Finally: The Answer to Every SPF Question You’ve Ever Had, Straight From a Sun-Care Expert
Add in conflicting intel (why do some people swear by SPF 100, but others say it's not worth it?), and it's no wonder people have questions. That's why we teamed up with Australian Gold to gather our readers' SPF FAQs—and according to the results, most of us are on the same page: pretty darn confused.
To shed some light on the sun-care situation and finally get the expert-backed answers we've been looking for, we asked Adarsh Vijay Mudgil, MD, and owner of Mudgil Dermatology to give us the lowdown on SPF.
"By far the most common question I get from my patients is what they should be using," Dr. Mudgil says. "There are many options on the market, which understandably creates additional confusion." (Cue scary-movie montage of all the times you've stared cluelessly at an aisle full of different sunscreen bottles.)
Our readers had the same basic question: What SPF is best for keeping your skin safe from sun damage? Rest assured, Dr. Mudgil answered that Q and more, so keep on scrolling.
Keep reading to find out what SPF is best for protecting your skin—plus, answers to more of your top sun-care questions.
What's the minimum SPF you can wear to prevent sun damage? And the max?
Numbers are tough even without getting into the nitty gritty of what they mean in regard to protecting your skin, and Dr. Mudgil knows how you feel. "The SPF system is confusing," he says. "Bottom line, there’s a real difference between SPF 15 and SPF 30, but almost no difference between SPF 30 and SPF 100. So it’s easy to understand why folks are confused."
According to Dr. Mudgil (and the American Academy of Dermatology, FYI), SPF 30 is the magic number. "As long as it’s SPF 30, that’s all that matters," he says. "The other important detail is a barrier ingredient like titanium dioxide or zinc oxide, which physically block the sun’s rays." Hello, double duty protection.
Australian Gold's Botanical Sunscreen—which comes in body lotions, sprays, and face lotions—contains both titanium dioxide and zinc oxide to ensure skin protection, while leaving you with a powder-like finish (no greasy hands here).
How does SPF level correspond to skin tone?
No matter where you land on the skin-tone spectrum, Dr. Mudgil says that SPF 30 is still the number to go with. (Noticing a pattern yet?) "Where many fail is reapplying every couple of hours," he says. Even if you have a dark skin tone or have created a solid base tan, you should still reapply every two hours—otherwise you're at risk for sun damage.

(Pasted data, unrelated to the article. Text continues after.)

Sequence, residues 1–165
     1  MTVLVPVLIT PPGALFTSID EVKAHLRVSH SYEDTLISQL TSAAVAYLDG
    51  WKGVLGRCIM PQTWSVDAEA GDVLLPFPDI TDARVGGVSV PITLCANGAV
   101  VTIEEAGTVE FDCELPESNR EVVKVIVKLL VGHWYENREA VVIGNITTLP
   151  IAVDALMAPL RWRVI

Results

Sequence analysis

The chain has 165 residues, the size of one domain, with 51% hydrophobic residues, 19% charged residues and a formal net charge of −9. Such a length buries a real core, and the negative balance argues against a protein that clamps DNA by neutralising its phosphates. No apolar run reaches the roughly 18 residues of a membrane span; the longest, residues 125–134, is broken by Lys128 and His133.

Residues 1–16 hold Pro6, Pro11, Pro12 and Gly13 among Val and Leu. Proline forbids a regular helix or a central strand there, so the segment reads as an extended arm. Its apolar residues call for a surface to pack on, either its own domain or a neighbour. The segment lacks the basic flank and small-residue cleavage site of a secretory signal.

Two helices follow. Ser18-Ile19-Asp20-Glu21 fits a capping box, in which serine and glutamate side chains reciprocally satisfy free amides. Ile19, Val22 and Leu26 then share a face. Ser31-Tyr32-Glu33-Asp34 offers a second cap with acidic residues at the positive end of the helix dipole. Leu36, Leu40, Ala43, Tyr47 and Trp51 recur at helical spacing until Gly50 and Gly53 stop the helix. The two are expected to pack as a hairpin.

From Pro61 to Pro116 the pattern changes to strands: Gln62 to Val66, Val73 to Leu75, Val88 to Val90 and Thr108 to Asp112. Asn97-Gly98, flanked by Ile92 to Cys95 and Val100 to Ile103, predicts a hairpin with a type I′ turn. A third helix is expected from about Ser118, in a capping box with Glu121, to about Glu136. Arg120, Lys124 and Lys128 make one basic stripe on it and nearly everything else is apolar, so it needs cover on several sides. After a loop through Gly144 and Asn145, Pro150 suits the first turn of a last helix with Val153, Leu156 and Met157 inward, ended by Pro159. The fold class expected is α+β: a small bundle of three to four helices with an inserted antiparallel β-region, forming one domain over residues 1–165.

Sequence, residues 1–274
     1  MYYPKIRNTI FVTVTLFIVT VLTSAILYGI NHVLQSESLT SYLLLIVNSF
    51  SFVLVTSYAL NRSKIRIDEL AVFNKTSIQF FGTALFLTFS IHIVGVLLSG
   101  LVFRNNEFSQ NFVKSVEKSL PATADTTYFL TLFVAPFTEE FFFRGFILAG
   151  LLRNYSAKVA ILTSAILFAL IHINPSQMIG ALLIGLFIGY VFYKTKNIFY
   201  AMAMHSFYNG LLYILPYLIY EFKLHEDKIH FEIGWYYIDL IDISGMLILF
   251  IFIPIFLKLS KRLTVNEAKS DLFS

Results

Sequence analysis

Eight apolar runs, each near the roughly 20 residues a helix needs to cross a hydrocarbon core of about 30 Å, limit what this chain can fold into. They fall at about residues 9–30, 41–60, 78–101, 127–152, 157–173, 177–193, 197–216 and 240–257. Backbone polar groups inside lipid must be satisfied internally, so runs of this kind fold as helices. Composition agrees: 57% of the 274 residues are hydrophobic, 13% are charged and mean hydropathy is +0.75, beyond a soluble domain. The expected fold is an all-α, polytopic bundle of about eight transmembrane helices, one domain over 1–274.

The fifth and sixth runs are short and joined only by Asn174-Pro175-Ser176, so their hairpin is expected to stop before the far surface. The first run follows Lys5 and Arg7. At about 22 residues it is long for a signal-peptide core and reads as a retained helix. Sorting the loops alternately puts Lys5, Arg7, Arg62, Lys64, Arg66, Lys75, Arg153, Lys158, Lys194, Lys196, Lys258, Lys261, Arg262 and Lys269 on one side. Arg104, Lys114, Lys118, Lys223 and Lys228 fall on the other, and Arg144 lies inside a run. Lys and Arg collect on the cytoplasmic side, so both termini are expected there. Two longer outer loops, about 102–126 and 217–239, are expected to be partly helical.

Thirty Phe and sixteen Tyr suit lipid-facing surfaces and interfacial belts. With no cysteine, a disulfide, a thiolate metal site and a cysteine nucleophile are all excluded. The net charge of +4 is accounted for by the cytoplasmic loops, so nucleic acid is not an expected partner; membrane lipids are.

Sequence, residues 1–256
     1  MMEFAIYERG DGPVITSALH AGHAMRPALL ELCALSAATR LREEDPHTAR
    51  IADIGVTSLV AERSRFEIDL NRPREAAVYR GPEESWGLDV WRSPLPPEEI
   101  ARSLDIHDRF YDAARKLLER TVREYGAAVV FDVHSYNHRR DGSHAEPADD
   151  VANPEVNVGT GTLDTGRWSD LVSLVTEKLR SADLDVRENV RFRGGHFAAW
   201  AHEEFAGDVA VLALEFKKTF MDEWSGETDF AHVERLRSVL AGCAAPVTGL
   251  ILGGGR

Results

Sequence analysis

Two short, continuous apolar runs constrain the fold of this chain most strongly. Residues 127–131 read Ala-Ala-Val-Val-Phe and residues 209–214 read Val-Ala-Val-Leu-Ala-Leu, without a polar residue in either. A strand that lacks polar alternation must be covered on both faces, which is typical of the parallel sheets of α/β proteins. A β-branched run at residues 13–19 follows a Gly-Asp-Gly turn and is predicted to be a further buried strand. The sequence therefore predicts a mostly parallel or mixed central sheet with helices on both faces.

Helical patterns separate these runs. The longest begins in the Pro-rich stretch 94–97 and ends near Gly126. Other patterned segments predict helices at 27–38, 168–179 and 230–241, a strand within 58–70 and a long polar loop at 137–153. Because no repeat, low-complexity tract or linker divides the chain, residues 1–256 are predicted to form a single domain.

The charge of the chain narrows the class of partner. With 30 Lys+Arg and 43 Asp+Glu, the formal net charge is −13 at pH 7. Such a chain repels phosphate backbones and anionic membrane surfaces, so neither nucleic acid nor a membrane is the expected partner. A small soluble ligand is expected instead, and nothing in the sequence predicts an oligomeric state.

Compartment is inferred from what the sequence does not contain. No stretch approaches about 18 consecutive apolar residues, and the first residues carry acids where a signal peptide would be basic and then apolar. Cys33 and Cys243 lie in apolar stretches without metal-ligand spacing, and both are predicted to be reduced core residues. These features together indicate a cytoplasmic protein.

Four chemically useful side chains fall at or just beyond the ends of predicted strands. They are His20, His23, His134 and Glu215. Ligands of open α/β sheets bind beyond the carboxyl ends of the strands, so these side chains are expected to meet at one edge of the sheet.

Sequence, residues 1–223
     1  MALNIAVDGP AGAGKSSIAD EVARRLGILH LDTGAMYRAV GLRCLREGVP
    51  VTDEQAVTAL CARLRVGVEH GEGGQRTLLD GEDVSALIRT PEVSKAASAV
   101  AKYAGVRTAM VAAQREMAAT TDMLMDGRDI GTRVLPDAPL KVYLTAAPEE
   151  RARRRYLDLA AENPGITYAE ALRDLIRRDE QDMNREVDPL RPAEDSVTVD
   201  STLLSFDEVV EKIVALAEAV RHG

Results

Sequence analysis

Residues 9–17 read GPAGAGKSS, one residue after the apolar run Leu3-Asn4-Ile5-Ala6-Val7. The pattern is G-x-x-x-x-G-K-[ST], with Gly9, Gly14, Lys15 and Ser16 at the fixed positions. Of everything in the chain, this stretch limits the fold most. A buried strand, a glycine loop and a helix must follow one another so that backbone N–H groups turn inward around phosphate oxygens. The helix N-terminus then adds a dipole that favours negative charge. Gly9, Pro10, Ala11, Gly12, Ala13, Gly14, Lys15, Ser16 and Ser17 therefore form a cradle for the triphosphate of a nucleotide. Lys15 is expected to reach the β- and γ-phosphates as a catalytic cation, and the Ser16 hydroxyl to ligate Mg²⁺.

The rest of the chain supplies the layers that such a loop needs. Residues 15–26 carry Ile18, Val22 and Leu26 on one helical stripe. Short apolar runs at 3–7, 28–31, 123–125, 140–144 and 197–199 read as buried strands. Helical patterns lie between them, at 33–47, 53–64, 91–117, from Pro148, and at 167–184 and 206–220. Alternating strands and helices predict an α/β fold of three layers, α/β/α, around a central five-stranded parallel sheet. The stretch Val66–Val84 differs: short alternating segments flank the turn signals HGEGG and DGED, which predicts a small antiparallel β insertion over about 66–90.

If you use a moisturizer or foundation that already contains SPF, do you need to apply more?
According to Dr. Mudgil, the short answer is yes. "Most foundations usually provide only SPF 15," he says (aka, not SPF 30). So next time you're shopping for foundation, search for one that already contains SPF 30, and make a habit of layering sunscreen underneath your makeup, too. More protection is never a bad thing.
Oh, and what about reapplying when you already have makeup on?
Here's where things get murky: If you're wearing makeup, how do you reapply every two hours without smearing white lotion all over your polished look? It comes down to getting creative with the type of sunscreen you use. "Using a powder or spray sunscreen works well in this setting," Dr. Mudgil says. Total game-changer for all your future park and beach days.
Are lotions the best route for all-over sun protection?
No one wants to fall victim to the zig-zag tan lines that are a dead giveaway you used (poorly applied) spray sunscreen, but if you prefer the spray method versus slathering on lotion, you might actually be in luck.
"I find a lotion is great for the initial application, and spray is good for reapplication," he says. And if you're looking for a long-lasting, sweat- and water-resistant sunblock, Australian Gold Extreme Sport sunscreens are light, airy, and neutralize odors to keep you feeling fresh all day. Talk about an incentive to reapply.
Now, you can finally take on summer with the confidence you're getting this whole sunscreen thing right, and when your friends and family inevitably have SPF questions, you'll be the one with all the answers.
Shop summer SPF essentials
Sponsored by: Australian Gold
Photos: Tim Gibson for Well+Good
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